Out of Context
Thoughts & Reflections
When children move schools, from one state to another, from a Montessori school to a traditional program, any variety of reasons, it’s not uncommon for children to undergo some form of testing, to determine where their skills fall in comparison to the children in the group they’ll be joining. The examiner states your child is “behind” his peers in letter identification.
Parents are so eager to learn their child began work in the math area, and ask a young child, what’s this? While delightedly holding up a numeral 1. The child stares blankly.
You’re out with other children and parents when a child says, “that’s A.” You know your child has started spontaneously reading words aloud, but when you ask her to identify a letter, she rarely gets it right.
So what does this all mean?
Is your child’s teacher not being truthful when she states your child has been making excellent progress on her Sandpaper Letters, and has even begun writing? How about that Big Math your child’s been talking about — is that in his imagination, or perhaps the work of a friend, not his own?
Why can your child not do something for the examiner you’ve seen him do time and time again??
This can be confusing, frustrating, and even worrisome.
We thought we’d unpack this a bit here, because, although there are sometimes signs a child is giving us that they need more help, often there are logical answers to these behaviors and concerns.
Let’s take the example of testing. Frequently, this happens with a child who is ready for or during Kindergarten. This child is keenly aware of how the world works. She’s learned everything up to now due to hard work, patience, and lots and lots of observation.
A stranger holds up a flashcard and asks, “What’s this?”
Well, it has a letter on it, but everyone knows that. This adult surely knows that letter, and everyone knows the letter “A.” So what is this adult asking? The answer can’t be that simple. I don’t know what he wants me to say.
At this point, everything a child learns, she experiences as common knowledge. Once she can read she has a hard time remembering not being able to. Same with tying shoes, or feeding herself, or any other conquest. Children are absolutely incredulous when you tell them they, too, were once a baby, they, too, couldn’t talk, or walk, or do anything. Often they’re in awe. Sometimes they’ll even laugh aloud, and insist you tell stories of when they were “little” again and again. To them, it’s absolutely unbelievable.
Or, your child is busy playing, completely engrossed in their activity. You ask, hey Marjorie, what’s this? Thinking you’re being casual and unsuspecting, and she looks at you blankly. What’s going on??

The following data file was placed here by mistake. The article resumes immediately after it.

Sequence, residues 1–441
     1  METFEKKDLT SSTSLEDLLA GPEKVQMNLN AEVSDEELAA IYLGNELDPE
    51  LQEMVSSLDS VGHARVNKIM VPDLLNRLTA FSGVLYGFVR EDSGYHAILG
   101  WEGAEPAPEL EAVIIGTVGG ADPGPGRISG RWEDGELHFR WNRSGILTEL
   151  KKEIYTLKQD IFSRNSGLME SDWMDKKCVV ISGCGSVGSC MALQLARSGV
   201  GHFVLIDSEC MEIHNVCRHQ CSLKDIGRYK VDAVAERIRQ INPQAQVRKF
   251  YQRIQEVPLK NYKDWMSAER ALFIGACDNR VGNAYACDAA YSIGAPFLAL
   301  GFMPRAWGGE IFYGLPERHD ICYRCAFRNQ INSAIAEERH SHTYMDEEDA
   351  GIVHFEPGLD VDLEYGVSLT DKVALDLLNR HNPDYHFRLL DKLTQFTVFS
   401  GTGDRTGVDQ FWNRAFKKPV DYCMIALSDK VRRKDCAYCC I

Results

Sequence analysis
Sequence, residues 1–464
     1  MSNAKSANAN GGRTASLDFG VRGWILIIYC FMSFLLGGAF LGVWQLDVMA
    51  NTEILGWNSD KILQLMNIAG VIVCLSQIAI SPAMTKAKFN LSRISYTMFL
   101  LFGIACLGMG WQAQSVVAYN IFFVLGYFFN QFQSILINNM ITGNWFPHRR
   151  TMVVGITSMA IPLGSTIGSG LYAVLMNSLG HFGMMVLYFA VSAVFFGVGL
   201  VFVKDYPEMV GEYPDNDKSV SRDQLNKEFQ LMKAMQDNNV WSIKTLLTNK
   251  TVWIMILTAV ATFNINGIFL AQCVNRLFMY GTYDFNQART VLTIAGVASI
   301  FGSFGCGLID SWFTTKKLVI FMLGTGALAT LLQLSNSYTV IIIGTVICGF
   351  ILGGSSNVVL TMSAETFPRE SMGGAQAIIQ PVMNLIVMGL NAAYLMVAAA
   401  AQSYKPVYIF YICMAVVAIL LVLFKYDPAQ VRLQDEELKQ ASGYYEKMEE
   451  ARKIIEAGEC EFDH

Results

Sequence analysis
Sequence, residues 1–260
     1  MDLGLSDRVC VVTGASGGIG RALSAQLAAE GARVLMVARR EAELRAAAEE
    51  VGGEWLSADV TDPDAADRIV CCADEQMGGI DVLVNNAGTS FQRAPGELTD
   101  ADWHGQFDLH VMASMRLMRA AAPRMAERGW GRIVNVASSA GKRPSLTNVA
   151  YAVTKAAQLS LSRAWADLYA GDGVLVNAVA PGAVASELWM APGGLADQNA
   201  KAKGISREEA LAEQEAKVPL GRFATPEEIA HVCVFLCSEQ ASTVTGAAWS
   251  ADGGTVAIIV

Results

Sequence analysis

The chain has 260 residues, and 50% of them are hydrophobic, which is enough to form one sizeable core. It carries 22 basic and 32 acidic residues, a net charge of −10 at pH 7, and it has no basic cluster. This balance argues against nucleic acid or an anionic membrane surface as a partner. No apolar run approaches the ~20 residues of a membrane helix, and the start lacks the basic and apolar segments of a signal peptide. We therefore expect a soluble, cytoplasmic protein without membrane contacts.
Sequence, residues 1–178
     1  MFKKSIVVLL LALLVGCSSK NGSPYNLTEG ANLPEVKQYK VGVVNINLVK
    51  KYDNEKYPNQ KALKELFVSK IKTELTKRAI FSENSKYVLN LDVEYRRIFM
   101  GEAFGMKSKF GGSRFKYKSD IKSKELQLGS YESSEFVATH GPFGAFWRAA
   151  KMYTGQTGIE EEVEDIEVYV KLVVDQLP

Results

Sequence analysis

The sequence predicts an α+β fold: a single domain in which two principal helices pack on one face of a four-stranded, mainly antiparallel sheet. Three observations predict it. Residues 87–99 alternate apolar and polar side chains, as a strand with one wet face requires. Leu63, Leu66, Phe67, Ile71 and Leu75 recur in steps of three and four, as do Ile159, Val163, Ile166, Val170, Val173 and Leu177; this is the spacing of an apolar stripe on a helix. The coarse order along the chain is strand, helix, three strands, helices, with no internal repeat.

Have you ever been in a conversation with someone, when there’s a total non-sequitur thrown in? “Eggs! That’s what I needed!” “Did you ever get an answer from her about that thing?”
You are absolutely blindsided. So derailed by the tangent that you’re physically taken aback — blinking, speechless, mind literally goes blank.
Something was triggered for the person you’re speaking to, there was a logical reason for them to ask you that seemingly left-field question, but you’re not able to jump to there with them. We’re used to things happening quickly, alerts on our phone, interruptions from coworkers, emails which require immediate attention. We’re accustomed to it. Imagine a child, whose focus can be so strong it’s almost uninterruptable, being asked a question out of the blue. She honestly doesn’t know what letter that is. The mind focuses on one task at a time, and switching gears is a learned skill, though not always effectively.
When we’re going to “test,” find out which letters or numbers or colors a child knows so we can evaluate when we need to spend more time and where a child is feeling confident, we prepare the child.
Sam, are you available? I’d love to know which colors you know. Bring me a color, and tell me what it is.
It’s a game. It’s on the child’s timeline. It’s at their pace. He knows what we’re doing. I don’t mix up subjects and test a child on myriad content at once.
They’re also not learning in order to be able to prove it to me. We’re not learning “c” for “c’s” sake; we think of words that begin with the sound, and pair the symbol with the sound. Learning is purposeful and in context.
If I asked a child to identify “c” and she couldn’t, but later she matched the Sandpaper Letter to the letter in the Moveable Alphabet and could even write a word with c, such as “cat,” obviously she knows “c.” It’s just an indication of more work for me — I need to help her know, this letter is “c.” — not more work for her.
There’s another reason a child might not be able to come up with the right answer, and it’s tied to being asked spontaneously.
She just can’t be bothered.
Here I am, playing with Legos, coloring, building this puzzle, and all of a sudden you want something from me. It is the same as being told it’s time for dinner, or for bath, or for bed. When you’re in the midst of playing, you just don’t want to stop.
I have learned, if I give you any answer, you’ll stop and I’ll get to go back to what I was doing. I just can’t be bothered.
There is absolutely nothing wrong with wanting to know what your child knows. Sometimes you’re concerned about their progress. Sometimes you’re curious. Sometimes their teacher said they just learned something and you can’t wait to see. Sometimes you want to send a video update to grandma and wouldn’t she be so delighted to see this? You’re allowed to ask.
Next time you ask your child, “what’s this?” and hold up number 1 and your child says nothing, or answers “a tree,” or gives any other answer, it’s okay. They’re probably doing just fine.
Written by:Charlotte Wood